Mayor's skin cancer shock after chance examination
WHEN Ipswich mayor Paul Pisasale cut the ribbon at the opening of a new Ipswich skin cancer clinic he wasn't expecting to have a malignant skin cancer cut out of his left eyebrow four days later.
But that is what happened this week when Dr Damien Foong of Ipswich Skin Cancer Clinic removed the nasty basal cell carcinoma.
It was just as well Dr Foong, a skin cancer doctor, removed it because left for a longer period of time it had the potential to grow and result in Cr Pisasale losing his eye. Cr Pisasale said it was a lesson for him and for all in the community to ensure they get their skin checked on a regular basis.
"There is a good message in this," Cr Pisasale said.
"Sometimes we can be so busy we forget about the most important thing which is our health.
"I had my whole body checked. I will be going back every six months for check-ups."
Cr Pisasale explained how he came to get a check-up by chance.
"I came here all excited to open a new skin cancer clinic, which is fantastic for Ipswich," he said.
"When I got here the doctor showed me how the skin microscope worked.
"I showed him this little thing that had been niggling me over the last five years.
"I'd play with it and occasionally it would bleed. I put some cream on it and it would go away and come back.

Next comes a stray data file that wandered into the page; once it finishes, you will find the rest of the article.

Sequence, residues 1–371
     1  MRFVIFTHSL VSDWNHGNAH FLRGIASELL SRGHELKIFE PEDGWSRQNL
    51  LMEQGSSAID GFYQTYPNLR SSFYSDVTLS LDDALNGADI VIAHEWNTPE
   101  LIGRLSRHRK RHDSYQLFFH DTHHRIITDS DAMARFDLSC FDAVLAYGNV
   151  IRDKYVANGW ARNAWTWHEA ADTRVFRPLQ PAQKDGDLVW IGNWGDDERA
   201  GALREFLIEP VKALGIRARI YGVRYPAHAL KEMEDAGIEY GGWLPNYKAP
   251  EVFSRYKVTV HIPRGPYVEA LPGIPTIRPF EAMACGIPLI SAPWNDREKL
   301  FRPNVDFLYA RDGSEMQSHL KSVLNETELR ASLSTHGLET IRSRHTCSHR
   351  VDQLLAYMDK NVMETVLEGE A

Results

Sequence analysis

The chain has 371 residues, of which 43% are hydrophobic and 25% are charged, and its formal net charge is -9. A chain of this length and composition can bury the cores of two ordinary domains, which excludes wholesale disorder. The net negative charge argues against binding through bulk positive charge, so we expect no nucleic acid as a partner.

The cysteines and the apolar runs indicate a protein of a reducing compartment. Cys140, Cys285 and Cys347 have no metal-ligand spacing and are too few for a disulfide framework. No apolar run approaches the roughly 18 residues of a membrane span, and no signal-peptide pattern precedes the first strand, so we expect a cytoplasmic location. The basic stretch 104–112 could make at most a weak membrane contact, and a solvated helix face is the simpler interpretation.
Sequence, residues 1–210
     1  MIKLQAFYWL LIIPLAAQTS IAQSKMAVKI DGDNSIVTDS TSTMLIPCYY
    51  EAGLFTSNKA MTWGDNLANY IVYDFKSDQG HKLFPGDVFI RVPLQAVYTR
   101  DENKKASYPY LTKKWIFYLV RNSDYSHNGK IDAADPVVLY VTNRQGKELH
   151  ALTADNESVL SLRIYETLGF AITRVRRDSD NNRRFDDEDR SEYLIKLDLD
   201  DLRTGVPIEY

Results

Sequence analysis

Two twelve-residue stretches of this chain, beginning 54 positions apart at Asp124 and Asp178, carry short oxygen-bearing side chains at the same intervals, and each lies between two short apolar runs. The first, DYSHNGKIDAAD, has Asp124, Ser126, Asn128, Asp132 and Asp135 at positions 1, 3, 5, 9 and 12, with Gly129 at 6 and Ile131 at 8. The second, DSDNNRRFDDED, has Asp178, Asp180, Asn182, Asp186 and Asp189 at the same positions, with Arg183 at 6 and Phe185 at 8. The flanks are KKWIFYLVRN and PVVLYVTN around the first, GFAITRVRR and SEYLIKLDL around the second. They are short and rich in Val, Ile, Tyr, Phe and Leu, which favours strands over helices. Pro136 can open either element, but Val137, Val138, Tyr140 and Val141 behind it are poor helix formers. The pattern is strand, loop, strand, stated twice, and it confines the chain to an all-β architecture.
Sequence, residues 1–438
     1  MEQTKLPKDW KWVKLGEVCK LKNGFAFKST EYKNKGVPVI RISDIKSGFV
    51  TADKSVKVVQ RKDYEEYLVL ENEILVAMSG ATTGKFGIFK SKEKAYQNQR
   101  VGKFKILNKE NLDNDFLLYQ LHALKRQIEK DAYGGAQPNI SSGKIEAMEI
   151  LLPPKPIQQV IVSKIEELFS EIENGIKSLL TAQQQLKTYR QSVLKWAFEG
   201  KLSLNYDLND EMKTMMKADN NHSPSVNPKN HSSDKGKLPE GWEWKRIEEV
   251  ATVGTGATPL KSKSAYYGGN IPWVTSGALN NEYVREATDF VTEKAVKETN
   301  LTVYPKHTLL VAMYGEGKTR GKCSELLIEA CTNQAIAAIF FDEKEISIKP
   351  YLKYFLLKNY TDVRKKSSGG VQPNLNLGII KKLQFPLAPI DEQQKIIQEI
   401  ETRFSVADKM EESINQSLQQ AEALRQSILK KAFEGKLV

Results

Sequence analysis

"I didn't know if it was a pimple or a scar tissue. But I'd let it go too long."
Dr Foong examined the spot under a powerful skin microscope and saw the tell tale signs of cancer.
Cr Pisasale had a freckle that, to the naked eye, looked very similar to the skin cancer spot.
But using the state-of-the-art computerised skin microscope Dr Foong showed Cr Pisasale the tell-tale signs that he had a problem on his left eyebrow.
Cr Pisasale was operated on this week and had four internal stitches and 12 on the wound
"I am glad it is over. It was more stitches than I thought, but seeing the cancer cut out is just a relief," he said.
For men 18 to 42 the second most-common cause of death is melanoma. Dr Foong said that in 2010 there were 1800 Australians who died of melanoma and about 700 died of squamous cell carcinoma, more than the 1367 people that died on Australian roads.
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SKIN CANCERSKIN CANCER
- The second most common cause of death for 18 to 42 year old males is melanoma.
- Melanoma and squamous cell carcinoma killed around 2500 Australians in 2010